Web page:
From the make-up of student bodies to the way materials are delivered, higher ed is rapidly changing — and largely due to technology.
Unless you've been living under a rock, that statement isn't particularly shocking. Online learning has empowered non-traditional students, almost to the point that they're the new "traditional," and mobile devices have all but guaranteed the end of the textbook as we know it.
Technological disruption isn't so bad, though. For as much as it impacts the traditional business model for institutions and corporations, it also improves access and cost issues for students while opening new paths to revenue for those wise enough to see them. To get an idea of what the future of higher ed might look like in 2015 and beyond, Education Dive examined three emerging technologies that could facilitate some of the space's biggest shifts in years. And the future looks bright, indeed.
3. Online learning
While it's probably not the sexiest entry on this list, online learning has only just begun to impact higher ed. It's long history of doing so stretches back at least a decade, given that many higher ed institutions took a cue from University of Phoenix founder John G. Sperling's approach to reaching working adult students on their on time, at their convenience, when developing now-common models of continuing and online education. More recently, the MOOC movement was set to disrupt the space, and in a way, it has. It's hard to argue, for example, that concepts like Udacity's "nanodegrees" — low-cost skillset certifications for high-demand tech jobs — won't have an impact on how colleges and universities do business.
Furthermore, in a keynote about disruptive innovation at this year's Educause conference in Orlando, Harvard Business School Professor of Business Administration Clayton Christensen pushed the notion that modularity is key to higher ed's future — and that online learning will facilitate that. Citing a former student from Norway who taught at a university in that country, he detailed how the student at one point returned to the U.S. and continued teaching his course using an iPad attached to a robot he could control remotely. This let students see him and let him see their work. It's only a matter of time before students have the ability to learn anything they desire from anyone at any institution, and companies like EdCast may very well be in the process of making that even more of a reality.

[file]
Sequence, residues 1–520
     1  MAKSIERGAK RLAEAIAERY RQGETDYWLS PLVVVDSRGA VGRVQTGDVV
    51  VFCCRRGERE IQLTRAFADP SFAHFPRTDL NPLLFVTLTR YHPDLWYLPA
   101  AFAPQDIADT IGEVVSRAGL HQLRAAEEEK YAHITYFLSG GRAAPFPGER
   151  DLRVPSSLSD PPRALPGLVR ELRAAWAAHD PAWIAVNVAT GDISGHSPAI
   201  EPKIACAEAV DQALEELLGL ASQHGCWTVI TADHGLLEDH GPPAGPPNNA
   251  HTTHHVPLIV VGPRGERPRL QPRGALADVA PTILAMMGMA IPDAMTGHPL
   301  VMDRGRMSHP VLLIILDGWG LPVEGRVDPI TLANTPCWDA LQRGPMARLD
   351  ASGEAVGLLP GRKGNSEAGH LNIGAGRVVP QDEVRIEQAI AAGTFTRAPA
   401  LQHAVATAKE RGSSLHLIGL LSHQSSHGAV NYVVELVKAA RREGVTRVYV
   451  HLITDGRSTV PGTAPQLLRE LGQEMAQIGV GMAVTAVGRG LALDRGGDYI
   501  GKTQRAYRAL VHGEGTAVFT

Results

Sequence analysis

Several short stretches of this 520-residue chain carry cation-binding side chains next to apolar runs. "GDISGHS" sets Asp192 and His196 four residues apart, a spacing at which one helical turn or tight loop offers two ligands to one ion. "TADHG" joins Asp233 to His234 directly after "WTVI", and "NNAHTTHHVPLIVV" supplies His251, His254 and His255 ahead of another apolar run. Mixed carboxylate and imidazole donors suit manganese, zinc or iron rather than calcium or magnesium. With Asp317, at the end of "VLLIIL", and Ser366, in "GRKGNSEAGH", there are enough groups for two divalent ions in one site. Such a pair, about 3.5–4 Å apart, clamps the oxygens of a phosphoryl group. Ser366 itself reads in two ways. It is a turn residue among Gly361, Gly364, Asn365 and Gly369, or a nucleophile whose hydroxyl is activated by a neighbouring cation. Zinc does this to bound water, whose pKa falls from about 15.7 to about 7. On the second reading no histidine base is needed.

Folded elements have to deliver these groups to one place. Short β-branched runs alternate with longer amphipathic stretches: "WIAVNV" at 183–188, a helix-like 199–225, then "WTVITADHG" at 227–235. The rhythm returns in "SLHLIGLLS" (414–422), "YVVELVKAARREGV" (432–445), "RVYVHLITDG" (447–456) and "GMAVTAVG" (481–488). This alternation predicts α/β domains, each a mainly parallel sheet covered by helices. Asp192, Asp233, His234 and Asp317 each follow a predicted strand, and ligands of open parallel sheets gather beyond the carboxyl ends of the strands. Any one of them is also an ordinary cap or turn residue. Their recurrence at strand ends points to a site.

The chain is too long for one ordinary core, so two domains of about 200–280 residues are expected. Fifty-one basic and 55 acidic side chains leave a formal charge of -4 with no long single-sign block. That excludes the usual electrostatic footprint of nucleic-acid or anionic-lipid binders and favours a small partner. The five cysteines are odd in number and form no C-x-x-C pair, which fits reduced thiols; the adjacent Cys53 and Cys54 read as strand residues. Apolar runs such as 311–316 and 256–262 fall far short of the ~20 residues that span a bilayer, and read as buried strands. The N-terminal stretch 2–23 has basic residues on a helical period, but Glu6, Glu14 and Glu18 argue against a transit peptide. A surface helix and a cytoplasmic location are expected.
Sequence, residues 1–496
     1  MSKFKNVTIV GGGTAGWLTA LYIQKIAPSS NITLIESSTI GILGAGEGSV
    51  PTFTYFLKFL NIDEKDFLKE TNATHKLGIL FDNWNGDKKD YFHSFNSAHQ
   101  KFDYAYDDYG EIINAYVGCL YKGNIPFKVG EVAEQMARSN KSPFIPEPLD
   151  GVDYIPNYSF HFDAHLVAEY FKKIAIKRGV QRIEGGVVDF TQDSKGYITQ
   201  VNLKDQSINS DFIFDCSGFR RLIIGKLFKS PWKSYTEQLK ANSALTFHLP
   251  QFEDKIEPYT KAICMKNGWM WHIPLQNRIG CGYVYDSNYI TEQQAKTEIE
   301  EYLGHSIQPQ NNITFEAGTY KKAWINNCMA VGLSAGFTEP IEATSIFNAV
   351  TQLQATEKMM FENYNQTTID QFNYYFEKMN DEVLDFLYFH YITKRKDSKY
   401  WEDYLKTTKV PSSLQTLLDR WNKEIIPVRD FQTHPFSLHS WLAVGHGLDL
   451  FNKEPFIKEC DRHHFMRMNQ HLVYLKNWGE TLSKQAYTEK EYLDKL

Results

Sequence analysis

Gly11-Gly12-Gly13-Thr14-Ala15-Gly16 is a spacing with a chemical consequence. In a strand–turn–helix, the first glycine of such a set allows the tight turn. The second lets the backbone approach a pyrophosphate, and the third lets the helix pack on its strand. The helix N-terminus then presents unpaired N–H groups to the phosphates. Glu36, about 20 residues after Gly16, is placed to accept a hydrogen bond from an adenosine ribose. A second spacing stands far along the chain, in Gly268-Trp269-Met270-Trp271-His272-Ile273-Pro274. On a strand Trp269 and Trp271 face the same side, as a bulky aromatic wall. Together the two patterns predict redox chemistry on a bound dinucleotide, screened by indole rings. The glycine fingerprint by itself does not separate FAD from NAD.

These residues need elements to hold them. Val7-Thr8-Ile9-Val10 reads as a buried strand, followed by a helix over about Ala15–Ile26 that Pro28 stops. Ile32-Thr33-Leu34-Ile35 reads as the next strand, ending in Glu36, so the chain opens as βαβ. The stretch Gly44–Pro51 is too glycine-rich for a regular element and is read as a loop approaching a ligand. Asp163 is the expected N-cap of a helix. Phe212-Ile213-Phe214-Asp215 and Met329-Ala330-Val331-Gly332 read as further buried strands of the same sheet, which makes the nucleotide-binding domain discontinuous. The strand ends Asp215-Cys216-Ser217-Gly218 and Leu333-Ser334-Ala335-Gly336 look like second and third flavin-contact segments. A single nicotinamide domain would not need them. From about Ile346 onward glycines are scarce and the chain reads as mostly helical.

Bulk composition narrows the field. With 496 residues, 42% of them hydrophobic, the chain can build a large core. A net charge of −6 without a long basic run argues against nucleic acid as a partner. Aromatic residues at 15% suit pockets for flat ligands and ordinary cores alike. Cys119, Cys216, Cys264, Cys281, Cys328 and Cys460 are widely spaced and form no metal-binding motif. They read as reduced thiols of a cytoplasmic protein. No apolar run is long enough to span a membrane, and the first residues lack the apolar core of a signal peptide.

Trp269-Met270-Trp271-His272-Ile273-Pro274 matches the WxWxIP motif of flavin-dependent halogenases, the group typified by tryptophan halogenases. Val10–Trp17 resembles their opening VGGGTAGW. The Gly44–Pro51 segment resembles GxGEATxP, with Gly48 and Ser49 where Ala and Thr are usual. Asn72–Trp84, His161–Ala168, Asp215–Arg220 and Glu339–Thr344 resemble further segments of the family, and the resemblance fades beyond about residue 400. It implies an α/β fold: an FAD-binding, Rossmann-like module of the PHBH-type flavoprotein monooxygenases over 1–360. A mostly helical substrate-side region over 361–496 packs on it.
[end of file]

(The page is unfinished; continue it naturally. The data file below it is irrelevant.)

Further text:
Once the stuff of science fiction and fantasy, the days of widespread holographic technology quickly approaching — even if the most common use of it thus far is to bring musicians like Michael Jackson and Tupac Shakur "back to life" for one more performance.
Since at least 2012, however, ed tech providers have been eyeing the tech as a distance learning tool. Potential uses laid out in a blog by Solutionz Conferencing include making it possible for experts to present "in-person," connecting remote classrooms, facilitating multi-classroom lectures, allowing online students to project a professor into their living rooms, and making it possible to "attend" historical events like the signing of the Declaration of Independence. EdTechReview had similar predictions in 2013.
While some of those ideas are still likely a ways off, that didn't stop McGraw-Hill from having fun with the idea this past April Fool's Day.
1. Virtual reality
Perhaps one of the most exciting tech developments, particularly when it comes to recruiting prospective students, virtual reality is poised to hit it big beyond just the realm of gaming. Facebook founder Mark Zuckerberg saw this when he dropped $2 billion on Oculus Rift in March, saying the technology "has the chance to create the most social platform ever, and change the way we work, play and communicate."
By summer, publications like EdTech magazine, TechCrunch, and Fortune were discussing how Oculus and Sony's Morpheus were being eyed by universities as a means of providing virtual campus tours. At least one company, YouVisit, is already utilizing special equipment to shoot photos and video for these tours, and France's Audencia Nantes School of Management sees the tech as a way to also show potential students some of Nantes' best-known landmarks. How long will it be before this tech becomes widespread among U.S. institutions looking to appeal to foreign students?
In addition to campus tours, virtual reality is also helping students at the University of Michigan dissect cadavers without actually needing the bodies.
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